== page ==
Monday, 25 March 2013

Bonobo - The North Borders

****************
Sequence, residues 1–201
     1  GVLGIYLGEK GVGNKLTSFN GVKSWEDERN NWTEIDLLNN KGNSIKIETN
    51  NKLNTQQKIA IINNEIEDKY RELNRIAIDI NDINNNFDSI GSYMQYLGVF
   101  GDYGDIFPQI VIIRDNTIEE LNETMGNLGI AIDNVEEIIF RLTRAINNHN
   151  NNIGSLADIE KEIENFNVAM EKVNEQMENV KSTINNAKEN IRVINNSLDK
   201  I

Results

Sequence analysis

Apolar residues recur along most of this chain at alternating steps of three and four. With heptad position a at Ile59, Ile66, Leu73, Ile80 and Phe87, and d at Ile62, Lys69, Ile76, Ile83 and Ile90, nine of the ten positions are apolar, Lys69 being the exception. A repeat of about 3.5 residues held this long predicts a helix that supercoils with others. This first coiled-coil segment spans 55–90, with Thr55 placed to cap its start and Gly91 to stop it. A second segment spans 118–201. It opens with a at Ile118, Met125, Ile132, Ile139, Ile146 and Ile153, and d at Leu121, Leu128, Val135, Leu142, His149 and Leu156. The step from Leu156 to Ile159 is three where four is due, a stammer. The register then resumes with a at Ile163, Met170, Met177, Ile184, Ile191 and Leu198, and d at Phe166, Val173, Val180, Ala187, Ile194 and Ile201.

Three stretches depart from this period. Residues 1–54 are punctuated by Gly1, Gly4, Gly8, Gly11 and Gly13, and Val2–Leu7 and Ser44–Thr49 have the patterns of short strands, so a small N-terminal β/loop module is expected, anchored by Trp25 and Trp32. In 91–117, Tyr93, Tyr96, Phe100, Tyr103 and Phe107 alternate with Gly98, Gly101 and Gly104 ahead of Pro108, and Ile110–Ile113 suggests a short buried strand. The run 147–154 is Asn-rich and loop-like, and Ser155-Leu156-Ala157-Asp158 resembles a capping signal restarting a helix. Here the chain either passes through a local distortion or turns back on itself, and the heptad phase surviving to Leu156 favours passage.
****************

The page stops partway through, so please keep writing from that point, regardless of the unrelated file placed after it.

2010 - as all years end up becoming - belong to a select few of artists and bands in the music World. Sinking deeper into the biosphere of such a World - close to the marshy subterranean sweep of downtempo-come-trip-hop music - Bonobo's Black Sands was one of the more individualistic, artist-focused triumphs of the year. The British producer's fifth album - and forth for Ninja Tune - was a shining (but not glaring) example into treating technique-driven instrumentation with just the right amount of influence from electronic music; humane vocals given the synthetic sample treatment, yet still coming off melodic and organic enough in their innocence. Black Sands, to end, was one of those moments when artifice and technology helped, rather than hindered, conventional instrumental song-writing. Yes, there were synths, and sure there was some pleasant production values, but where others falter, Simon Green's (real name behind the Bonobo moniker) increased refining of his methods lead him to create one of 2010's finer electronic [produced] albums. It's taken three years for him to develop a follow-up and The North Borders lands on a pleasant stream of releases that have, as noted, seemingly been building towards a better-sought goal. But with 2010 seeing Bonobo meeting a point that felt as fresh and as achieved as his palette for downtempo electronics could muster, the question now becomes: where does Bonobo go from here?